Saint of the Day – 27 December – St John APOSTLE/ EVANGELIST/Writer, teacher, Priest,Theologian – (c 6-c 100) “The Beloved Apostle; Apostle of Charity; Beloved Disciple; Giovanni Evangelista; John the Divine; John the Evangelist; John the Theologian- Patron of love, loyalty, friendships, authors, booksellers, burn-victims, poison-victims, art-dealers, editors, papermakers, publishers, scribes, scholars, theologians, against epilepsy, against foot problems, against hailstorms, authors, writers, glaziers, government officials, harvests, lithographers, notaries, saddle-makers, painters/artists, Asia Minor (proclaimed on 26 October 1914 by Pope Benedict XV), 6 dioceses, 7 cities
St. John the Evangelist had the experience of living with Jesus—walking at His side, watching hHm perform miracles, listening to His teaching and receiving signs of personal love.
Much of what we know about John’s life comes through the Gospels. According to Matthew’s Gospel, John was in a boat mending nets with his older brother James and his father Zebedee when Jesus called them to follow him. Their “Yes!” led to a great adventure.
John and James were called Sons of Thunder, possibly because of their fiery tempers. One example was when people in a Samaritan town would not accept Jesus. James and John wanted to call down fire to destroy the town. At another time the brothers secretly asked Jesus to have the highest place in His kingdom. Jesus explained that real greatness comes to those who serve.
John had the special privilege of being with Jesus at crucial times. With Peter and James, John was permitted to watch the miracle of Jairus’s daughter coming back to life. The three witnessed the glory of Jesus’ transfiguration. They were also the three invited to be with Jesus during His agony in the garden. John’s own Gospel refers to him as “the disciple whom Jesus loved” (see John 13:23; 19:26; 20:2), the one who reclined next to Jesus at the Last Supper and the one to whom He gave the exquisite honour, as he stood beneath the cross, of caring for His mother. “Woman, behold your son…. Behold, your mother” (John 19:26b, 27b).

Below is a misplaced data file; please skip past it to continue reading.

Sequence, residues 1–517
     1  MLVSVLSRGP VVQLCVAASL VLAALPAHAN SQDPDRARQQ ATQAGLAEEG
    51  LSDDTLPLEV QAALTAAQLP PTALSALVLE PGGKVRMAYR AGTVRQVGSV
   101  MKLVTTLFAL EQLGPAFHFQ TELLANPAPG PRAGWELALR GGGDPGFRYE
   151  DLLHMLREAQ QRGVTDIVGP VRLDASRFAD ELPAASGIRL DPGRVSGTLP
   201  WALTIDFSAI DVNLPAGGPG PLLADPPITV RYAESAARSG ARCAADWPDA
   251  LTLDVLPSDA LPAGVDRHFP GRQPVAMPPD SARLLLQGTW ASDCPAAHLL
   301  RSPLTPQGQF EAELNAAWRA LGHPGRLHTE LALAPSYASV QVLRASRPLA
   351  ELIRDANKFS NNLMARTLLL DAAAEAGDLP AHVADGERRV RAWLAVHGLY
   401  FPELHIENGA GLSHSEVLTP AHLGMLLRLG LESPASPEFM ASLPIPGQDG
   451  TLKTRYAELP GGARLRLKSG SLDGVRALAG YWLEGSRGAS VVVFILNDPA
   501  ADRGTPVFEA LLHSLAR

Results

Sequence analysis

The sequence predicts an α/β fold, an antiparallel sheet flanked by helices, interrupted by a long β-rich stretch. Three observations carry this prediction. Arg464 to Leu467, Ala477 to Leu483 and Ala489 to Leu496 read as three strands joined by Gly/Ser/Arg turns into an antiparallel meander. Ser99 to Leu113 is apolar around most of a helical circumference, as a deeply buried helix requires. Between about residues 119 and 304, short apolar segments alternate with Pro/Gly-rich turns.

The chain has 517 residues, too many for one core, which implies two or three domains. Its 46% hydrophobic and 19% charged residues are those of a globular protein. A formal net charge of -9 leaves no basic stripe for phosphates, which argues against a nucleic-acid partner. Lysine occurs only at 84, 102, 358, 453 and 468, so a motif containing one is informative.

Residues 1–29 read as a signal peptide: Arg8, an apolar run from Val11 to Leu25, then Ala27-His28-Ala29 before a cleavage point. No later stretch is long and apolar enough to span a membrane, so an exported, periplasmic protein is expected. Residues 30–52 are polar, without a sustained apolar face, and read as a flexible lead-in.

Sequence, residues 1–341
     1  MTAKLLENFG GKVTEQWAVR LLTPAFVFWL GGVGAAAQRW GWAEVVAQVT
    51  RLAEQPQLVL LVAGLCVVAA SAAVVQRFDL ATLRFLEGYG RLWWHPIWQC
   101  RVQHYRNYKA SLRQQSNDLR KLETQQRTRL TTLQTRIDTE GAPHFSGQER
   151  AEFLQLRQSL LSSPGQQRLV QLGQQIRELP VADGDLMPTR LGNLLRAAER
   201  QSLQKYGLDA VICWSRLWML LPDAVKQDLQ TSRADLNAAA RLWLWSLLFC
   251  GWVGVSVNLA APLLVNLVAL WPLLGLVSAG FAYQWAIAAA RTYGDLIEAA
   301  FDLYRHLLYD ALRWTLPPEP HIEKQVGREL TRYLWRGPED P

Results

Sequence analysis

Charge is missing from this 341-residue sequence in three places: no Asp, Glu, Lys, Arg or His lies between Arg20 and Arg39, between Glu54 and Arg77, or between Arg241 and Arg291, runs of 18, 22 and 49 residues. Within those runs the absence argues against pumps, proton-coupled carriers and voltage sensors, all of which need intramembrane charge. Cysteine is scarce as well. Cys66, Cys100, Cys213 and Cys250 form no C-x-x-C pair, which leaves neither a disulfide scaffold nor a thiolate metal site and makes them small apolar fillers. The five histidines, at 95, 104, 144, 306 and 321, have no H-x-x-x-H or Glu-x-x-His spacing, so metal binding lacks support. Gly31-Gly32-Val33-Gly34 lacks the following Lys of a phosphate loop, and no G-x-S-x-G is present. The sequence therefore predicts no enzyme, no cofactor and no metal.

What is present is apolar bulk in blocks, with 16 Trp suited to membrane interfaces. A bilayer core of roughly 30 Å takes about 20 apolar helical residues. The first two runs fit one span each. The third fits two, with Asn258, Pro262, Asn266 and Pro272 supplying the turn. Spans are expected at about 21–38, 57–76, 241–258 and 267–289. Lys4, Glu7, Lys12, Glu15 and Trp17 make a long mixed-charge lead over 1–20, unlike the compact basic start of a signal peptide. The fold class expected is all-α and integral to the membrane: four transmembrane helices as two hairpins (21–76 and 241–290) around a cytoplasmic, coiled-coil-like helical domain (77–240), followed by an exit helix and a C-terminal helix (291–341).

Because of the depth of his Gospel, John is usually thought of as the eagle of theology, soaring in high regions that other writers did not enter.
On the first Easter, Mary Magdalene “ran and went to Simon Peter and to the other disciple whom Jesus loved, and told them, ‘They have taken the Lord from the tomb and we don’t know where they put him’” (John 20:2). John recalls, perhaps with a smile, that he and Peter ran side by side, but then “the other disciple ran faster than Peter and arrived at the tomb first” (John 20:4b). He did not enter but waited for Peter and let him go in first. “Then the other disciple also went in, the one who had arrived at the tomb first, and he saw and believed” (John 20:8).
John was with Peter when the first great miracle after the Resurrection took place—the cure of the man crippled from birth—which led to their spending the night in jail together. The mysterious experience of the Resurrection is perhaps best contained in the words of Acts: “Observing the boldness of Peter and John and perceiving them to be uneducated, ordinary men, they [the questioners] were amazed, and they recognized them as the companions of Jesus” (Acts 4:13).
The Apostle John is traditionally considered the author of the Fourth Gospel, three New Testament letters and the Book of Revelation. His Gospel is a very personal account. He sees the glorious and divine Jesus already in the incidents of His mortal life. At the Last Supper, John’s Jesus speaks as if he were already in heaven. It is the Gospel of Jesus’ glory!
It is said that when St. John was very old, people had to carry him to where the Christians assembled to worship. Each time he preached, he gave the same homily: “Little children, love one another.” When people asked if he would talk on a different topic, he said that this is the Lord’s word and if they really did this, they would do enough.
St. John, pray that we may understand the mysteries of our faith more and more!
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